I used to cook while we were in Australia. But in Delhi I rarely cook. When I am in the mood, I prepare chicken curry/lamb curry for my family.
What is your favourite pastime?
In my free time, I love to be with my family, watch TV, listen to music, surf the net, do my workout at the gym or go for a walk. I used to swim and golf but now I have given up that lifestyle. I have to be in the hotel for 10-12 years and my irregular work hours do not allow me time for these sports anymore.
Any cooking tips you would love to share with the readers?
Like I have mentioned, cook it simple but with good ingredients. Whenever you plan something new and you happen to find that you do not have the right ingredient, do not panic. Patience and passion is most important while you are in the kitchen.
What is your advice to the new talents in the industry?
My advice to the budding chefs is that if they are good, then nothing can stop them from becoming an accomplished chef. But they have to keep trying consistently. Competition is very tough and creativity is very high.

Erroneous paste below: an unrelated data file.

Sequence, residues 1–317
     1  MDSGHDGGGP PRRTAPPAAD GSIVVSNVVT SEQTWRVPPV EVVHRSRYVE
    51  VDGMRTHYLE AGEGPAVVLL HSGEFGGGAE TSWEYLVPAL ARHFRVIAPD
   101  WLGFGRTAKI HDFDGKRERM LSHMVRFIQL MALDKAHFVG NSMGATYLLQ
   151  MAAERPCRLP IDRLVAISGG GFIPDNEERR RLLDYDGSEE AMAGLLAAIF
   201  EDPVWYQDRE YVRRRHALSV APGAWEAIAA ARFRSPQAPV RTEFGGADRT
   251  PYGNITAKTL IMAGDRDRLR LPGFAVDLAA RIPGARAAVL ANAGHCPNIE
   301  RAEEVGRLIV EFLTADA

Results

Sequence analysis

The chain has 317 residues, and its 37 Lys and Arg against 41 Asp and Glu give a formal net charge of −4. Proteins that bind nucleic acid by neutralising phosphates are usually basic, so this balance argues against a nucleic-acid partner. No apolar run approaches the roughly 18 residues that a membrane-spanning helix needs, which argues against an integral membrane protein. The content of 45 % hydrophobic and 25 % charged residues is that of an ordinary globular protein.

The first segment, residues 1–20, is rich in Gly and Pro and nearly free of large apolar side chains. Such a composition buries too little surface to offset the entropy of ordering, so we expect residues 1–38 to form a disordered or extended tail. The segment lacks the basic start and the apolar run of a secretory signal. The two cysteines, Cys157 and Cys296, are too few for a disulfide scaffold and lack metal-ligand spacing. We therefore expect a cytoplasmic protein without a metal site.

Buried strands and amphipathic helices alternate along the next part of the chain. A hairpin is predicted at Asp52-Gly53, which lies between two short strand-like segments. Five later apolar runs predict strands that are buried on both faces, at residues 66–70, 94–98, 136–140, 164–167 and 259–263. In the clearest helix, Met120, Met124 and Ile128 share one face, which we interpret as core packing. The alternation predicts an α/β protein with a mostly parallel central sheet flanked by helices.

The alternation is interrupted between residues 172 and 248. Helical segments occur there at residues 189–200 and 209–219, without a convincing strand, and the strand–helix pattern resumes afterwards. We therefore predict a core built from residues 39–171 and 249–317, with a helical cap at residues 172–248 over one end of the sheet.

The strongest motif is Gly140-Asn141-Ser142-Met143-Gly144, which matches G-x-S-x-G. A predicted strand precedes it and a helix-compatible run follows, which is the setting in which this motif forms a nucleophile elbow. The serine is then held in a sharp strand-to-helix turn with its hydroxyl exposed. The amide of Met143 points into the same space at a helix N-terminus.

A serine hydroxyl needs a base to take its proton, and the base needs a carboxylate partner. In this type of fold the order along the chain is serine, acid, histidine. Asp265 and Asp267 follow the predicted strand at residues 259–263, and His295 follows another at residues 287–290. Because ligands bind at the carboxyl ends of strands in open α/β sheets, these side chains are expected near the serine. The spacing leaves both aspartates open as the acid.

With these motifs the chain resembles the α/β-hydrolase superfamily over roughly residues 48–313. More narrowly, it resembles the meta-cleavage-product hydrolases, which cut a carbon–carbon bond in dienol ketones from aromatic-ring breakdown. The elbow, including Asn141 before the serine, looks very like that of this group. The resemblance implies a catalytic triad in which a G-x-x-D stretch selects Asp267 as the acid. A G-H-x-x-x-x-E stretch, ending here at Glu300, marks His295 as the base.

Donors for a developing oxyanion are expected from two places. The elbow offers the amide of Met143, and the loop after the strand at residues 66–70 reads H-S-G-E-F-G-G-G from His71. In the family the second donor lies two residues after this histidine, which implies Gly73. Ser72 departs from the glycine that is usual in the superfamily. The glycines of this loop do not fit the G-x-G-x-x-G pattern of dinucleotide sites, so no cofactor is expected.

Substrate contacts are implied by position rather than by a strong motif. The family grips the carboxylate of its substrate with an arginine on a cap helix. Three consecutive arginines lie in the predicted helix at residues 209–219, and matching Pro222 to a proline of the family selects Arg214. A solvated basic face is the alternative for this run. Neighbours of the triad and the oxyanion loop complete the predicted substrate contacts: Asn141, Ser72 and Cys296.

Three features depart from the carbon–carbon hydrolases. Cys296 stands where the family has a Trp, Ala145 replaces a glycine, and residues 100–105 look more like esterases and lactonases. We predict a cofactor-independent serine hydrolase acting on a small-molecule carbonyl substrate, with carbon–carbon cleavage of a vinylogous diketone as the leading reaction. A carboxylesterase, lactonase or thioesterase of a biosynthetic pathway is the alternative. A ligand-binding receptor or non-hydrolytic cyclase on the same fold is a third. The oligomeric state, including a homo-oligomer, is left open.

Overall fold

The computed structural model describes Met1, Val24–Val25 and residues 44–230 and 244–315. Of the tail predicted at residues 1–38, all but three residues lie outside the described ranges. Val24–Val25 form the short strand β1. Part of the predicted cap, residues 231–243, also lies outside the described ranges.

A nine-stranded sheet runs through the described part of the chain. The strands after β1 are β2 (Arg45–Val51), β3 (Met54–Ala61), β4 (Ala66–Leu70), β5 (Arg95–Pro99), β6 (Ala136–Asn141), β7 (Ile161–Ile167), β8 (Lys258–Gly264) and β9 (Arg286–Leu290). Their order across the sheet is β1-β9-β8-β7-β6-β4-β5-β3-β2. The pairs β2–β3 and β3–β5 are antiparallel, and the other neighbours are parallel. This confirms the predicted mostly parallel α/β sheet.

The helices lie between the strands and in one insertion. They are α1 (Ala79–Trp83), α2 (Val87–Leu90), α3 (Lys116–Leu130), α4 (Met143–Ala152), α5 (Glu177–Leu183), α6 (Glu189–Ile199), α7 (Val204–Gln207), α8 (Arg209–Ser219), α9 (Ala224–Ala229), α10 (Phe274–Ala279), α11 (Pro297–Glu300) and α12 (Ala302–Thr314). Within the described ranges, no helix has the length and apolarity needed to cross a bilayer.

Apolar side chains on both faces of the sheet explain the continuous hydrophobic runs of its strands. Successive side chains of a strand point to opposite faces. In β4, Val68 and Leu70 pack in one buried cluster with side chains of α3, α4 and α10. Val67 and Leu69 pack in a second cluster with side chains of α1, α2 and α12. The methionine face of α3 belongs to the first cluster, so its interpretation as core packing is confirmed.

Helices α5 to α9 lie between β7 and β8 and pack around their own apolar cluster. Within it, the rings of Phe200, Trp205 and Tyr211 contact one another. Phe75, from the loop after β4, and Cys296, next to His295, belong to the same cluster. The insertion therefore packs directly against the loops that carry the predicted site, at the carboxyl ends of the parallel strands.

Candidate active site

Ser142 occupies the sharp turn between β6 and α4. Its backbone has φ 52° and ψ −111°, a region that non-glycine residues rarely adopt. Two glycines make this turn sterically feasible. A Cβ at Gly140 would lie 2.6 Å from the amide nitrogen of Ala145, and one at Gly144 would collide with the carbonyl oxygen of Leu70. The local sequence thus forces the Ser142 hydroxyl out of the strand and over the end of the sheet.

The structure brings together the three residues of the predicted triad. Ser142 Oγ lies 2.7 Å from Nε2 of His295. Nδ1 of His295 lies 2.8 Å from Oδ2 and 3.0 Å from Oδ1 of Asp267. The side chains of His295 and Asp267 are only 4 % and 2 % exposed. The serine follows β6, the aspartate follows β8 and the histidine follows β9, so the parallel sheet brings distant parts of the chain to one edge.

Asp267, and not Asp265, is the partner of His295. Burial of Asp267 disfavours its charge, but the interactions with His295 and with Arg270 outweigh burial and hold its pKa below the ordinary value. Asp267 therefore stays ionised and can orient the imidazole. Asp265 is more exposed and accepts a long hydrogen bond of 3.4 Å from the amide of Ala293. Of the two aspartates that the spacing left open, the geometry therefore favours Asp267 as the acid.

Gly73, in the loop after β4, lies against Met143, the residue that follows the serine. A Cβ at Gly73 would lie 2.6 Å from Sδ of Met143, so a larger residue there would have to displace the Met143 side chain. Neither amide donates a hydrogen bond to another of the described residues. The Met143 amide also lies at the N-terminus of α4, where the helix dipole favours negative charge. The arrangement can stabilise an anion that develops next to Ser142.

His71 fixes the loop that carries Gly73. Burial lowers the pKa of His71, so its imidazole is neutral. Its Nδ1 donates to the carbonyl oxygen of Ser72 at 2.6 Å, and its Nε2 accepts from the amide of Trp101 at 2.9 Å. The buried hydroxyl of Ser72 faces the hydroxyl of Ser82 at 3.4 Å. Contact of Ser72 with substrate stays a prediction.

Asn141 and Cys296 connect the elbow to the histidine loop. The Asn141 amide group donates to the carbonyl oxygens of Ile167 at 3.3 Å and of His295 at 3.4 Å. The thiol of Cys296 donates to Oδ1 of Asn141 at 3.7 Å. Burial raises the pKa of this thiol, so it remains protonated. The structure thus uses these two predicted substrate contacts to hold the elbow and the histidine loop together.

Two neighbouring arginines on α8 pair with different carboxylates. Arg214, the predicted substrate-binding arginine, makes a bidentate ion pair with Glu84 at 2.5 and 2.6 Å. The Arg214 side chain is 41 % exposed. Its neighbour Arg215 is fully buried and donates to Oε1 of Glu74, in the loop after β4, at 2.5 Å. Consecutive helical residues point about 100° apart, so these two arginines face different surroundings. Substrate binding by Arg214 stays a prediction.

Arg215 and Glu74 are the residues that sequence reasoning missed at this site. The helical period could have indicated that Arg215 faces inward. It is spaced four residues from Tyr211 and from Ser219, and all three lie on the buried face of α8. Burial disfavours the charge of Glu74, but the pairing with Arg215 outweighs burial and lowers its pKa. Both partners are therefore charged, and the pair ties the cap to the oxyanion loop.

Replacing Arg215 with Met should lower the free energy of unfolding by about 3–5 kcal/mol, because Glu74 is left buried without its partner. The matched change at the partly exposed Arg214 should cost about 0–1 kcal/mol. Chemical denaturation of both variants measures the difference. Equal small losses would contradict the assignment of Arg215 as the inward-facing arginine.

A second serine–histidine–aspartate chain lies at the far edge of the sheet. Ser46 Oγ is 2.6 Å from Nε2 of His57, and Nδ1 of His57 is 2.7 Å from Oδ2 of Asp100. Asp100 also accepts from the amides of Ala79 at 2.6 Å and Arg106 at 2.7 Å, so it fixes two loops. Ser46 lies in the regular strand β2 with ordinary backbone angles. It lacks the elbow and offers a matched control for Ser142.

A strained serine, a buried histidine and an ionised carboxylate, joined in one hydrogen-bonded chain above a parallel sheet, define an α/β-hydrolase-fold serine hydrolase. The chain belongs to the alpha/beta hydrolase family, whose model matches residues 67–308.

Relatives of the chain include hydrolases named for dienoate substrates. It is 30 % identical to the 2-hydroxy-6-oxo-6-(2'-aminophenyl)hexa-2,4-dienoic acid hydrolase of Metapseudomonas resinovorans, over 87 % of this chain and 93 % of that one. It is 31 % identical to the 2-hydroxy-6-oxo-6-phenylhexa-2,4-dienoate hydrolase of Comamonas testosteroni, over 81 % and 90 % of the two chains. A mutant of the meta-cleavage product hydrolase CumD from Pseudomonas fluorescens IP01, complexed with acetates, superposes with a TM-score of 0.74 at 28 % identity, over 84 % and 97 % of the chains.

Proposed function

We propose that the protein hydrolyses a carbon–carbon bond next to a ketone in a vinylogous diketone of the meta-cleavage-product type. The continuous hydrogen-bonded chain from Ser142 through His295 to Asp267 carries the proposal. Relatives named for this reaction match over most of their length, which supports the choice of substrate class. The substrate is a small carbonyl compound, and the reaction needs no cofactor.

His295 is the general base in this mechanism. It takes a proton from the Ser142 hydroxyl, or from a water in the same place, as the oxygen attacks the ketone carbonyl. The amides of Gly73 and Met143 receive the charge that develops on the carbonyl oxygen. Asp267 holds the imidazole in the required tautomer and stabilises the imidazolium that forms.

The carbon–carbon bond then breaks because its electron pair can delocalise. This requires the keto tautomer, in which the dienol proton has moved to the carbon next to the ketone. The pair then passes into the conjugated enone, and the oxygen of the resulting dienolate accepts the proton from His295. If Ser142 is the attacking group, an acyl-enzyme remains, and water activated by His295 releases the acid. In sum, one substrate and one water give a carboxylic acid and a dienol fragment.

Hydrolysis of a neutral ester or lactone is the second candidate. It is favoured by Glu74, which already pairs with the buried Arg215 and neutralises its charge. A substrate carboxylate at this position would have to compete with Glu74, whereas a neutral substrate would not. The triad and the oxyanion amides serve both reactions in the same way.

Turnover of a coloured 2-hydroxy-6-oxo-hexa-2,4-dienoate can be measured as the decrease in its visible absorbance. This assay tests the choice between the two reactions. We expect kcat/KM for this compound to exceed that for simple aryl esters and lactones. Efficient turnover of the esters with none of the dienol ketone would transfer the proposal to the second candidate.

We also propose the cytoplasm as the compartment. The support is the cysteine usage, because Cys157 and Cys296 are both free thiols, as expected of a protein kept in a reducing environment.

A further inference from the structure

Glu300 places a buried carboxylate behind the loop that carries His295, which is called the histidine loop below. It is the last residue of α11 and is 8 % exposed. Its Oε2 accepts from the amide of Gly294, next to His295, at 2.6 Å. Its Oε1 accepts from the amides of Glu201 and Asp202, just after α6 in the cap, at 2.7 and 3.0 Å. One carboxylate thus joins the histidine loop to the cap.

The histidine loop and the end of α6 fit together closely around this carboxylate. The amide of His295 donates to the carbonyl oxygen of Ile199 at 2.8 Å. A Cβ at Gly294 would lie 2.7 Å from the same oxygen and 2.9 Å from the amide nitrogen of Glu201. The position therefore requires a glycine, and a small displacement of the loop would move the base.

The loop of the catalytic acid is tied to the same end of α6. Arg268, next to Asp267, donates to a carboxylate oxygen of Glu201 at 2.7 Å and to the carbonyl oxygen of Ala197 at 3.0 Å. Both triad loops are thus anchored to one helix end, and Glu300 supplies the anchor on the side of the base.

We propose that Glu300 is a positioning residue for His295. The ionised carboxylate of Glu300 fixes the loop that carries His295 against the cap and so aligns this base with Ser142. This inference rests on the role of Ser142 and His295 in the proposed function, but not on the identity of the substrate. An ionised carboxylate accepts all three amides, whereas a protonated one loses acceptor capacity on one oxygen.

What is your signature dish?
My signature dish is Grilled Tiger prawns. The ingredients used are –
|5 pc.||Tiger prawns|
|10 gr.||Red/Green chilli sliced|
|5 ml||lemon juice|
|15 gr.||Shallots chopped|
|10 gr.||Garlic chopped|
|5 gr.||Mixed lettuce and basil salad|
- Season the prawns with salt and pepper. Dust with flour.
- Heat oil in a pan; add prawns, sauté until golden brown in colour.
- Add shallots, garlic and red/green chilli and cook.
- Flambé with cognac, add lemon juice
- Season with salt and pepper to taste
- Serve with mixed lettuce and basil salad.
– Anjali Sethi Joshi / Samrita Baruah